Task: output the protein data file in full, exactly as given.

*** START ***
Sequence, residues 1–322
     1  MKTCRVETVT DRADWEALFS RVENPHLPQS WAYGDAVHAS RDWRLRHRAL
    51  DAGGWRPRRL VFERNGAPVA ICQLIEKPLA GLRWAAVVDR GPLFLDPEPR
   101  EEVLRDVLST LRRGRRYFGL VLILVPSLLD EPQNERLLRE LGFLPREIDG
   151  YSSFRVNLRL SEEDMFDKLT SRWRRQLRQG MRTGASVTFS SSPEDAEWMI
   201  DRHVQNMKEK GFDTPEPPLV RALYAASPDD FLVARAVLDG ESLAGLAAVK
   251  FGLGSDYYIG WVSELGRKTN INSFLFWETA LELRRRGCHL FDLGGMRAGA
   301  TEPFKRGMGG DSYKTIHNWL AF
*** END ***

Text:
Sequence, residues 1–322
     1  MKTCRVETVT DRADWEALFS RVENPHLPQS WAYGDAVHAS RDWRLRHRAL
    51  DAGGWRPRRL VFERNGAPVA ICQLIEKPLA GLRWAAVVDR GPLFLDPEPR
   101  EEVLRDVLST LRRGRRYFGL VLILVPSLLD EPQNERLLRE LGFLPREIDG
   151  YSSFRVNLRL SEEDMFDKLT SRWRRQLRQG MRTGASVTFS SSPEDAEWMI
   201  DRHVQNMKEK GFDTPEPPLV RALYAASPDD FLVARAVLDG ESLAGLAAVK
   251  FGLGSDYYIG WVSELGRKTN INSFLFWETA LELRRRGCHL FDLGGMRAGA
   301  TEPFKRGMGG DSYKTIHNWL AF